"Huh?" Rick blinked, brought his eyes into focus on Rhys’s face, then struggled to sit up. "What-?" 

"You fell asleep." 

Rick made a disgusted face. "That dratted cradle tune, again." 

"You think it works?" 

Rick shrugged, coloring. "It's certainly a relaxing little ditty." 

"Just out of curiosity, what were you thinking about just before you…succumbed?" 

The color in Rick's face heightened. "You'll laugh." 

"Only if I was thinking similar thoughts." 

"Well…when I was a kid, my mom would read me books in one of those old flotation chairs. She'd turn the heating unit up just a bit and I'd sit there bobbing up and down in her lap drinking hot chocolate, and in about the middle of the second story..." He shrugged. "She never once let me spill the chocolate." 

Rhys chuckled. "I was having hot cider before a roaring fire wrapped in my favorite blanket." He looked at the padachi again, shaking his head. "Old wives' tales and folk magic—they've done well by humanity for millennia." 

"This isn't the beginning of a lecture on folklore, is it, Prof?" 

Rhys caught the look on Rick's face and laughed. "No, Roddy, I'll spare you that. Go ahead and get some sleep. We have a big day tomorrow." 

He picked up Rick's recorder, popped the tiny disk out and slipped it into his sporran, tossing the recorder back to its owner. "See you bright and early, apprentice Roddihalfs." 

They breakfasted at 0700 hours planetary time in a pleasant glen hard by the shuttle and still dressed in their shipboard "drabs." Rhys Llewellyn drank five cups of coffee and jotted notes on his pocket pad.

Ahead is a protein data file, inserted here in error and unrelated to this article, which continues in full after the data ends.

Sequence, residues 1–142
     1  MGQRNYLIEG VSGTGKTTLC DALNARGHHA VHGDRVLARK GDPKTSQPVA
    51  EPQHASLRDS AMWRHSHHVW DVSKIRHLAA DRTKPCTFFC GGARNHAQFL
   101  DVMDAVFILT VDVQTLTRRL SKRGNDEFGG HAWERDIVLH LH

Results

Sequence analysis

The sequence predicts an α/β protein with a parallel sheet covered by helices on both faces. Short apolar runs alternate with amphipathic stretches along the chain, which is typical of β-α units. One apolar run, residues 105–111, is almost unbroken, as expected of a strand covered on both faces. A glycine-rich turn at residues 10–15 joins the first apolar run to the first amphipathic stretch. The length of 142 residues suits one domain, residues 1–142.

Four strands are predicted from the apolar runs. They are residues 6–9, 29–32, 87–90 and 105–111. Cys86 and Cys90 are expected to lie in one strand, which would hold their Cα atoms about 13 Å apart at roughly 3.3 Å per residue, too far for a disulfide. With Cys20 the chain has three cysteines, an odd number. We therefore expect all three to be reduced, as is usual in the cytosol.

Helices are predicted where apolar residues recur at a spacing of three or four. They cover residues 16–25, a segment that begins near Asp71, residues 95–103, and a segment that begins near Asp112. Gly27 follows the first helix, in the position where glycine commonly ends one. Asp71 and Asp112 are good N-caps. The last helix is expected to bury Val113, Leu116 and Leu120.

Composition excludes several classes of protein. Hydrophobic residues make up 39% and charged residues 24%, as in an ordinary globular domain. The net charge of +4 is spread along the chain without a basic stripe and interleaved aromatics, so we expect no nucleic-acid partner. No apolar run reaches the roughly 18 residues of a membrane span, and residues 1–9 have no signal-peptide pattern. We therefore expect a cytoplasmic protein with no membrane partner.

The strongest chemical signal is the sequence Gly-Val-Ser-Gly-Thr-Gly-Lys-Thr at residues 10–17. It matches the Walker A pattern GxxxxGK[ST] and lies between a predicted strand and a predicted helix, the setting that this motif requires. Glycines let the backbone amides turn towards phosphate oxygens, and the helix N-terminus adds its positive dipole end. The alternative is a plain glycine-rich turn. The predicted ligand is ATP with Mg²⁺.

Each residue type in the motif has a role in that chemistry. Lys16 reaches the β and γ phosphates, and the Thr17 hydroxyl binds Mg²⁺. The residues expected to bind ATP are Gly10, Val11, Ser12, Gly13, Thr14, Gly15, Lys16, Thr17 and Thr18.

"You look tired, sir," observed Yoshi, then smiled shyly. "Did the lullaby wear off?" 

Rhys shook his head. "I had some preparations to make for the negotiations tomorrow morning." 

"But you have all day to do that, don't you, sir?" 

"Today, we'll need to make strategic and physical preparations. I figured I'd get the computer work out of the way last night." 

"What physical preparations?" asked Rick, munching a piece of native fruit. 

"We'll need a banner, for one thing." 

"Pardon?" 

"Haven't you noticed that whenever a group of Chieftains gathers they each have a Clan banner behind them?" 

"I noticed. But we don't have a Clan banner." 

"No. We have a corporate logo. And your job for the day is to see that that logo is put onto a banner. A very colorful banner. There's still a good supply of those OmniClime tarps, which fortunately come in a myriad of bright colors. By the by, there's also the matter of Ms. Price's pallet for the banquet. The Pa-Kai will supply the wooden frame and set it up in the banquet circle, but it's up to our Clan to provide proper ornamentation. Yoshi, you're the ornamentation committee. See if you can determine what the well-turned out Chieftain is supposed to deck his or her self in." 

Yoshi nodded eagerly, her eyes kindling. "I've already got a pretty good idea. It seems to be related to the goods a particular Clan produces… This is fun, sir." 

Rick snorted, whether at Yoshi's comment or the approaching visitor, Rhys wasn't sure. 

"Don't look now, but here comes the Count and he doesn't look happy." 

That was an understatement, Rhys decided. Zarber looked incensed. In fact, if smoke had been curling out of his ears, it would have seemed completely natural.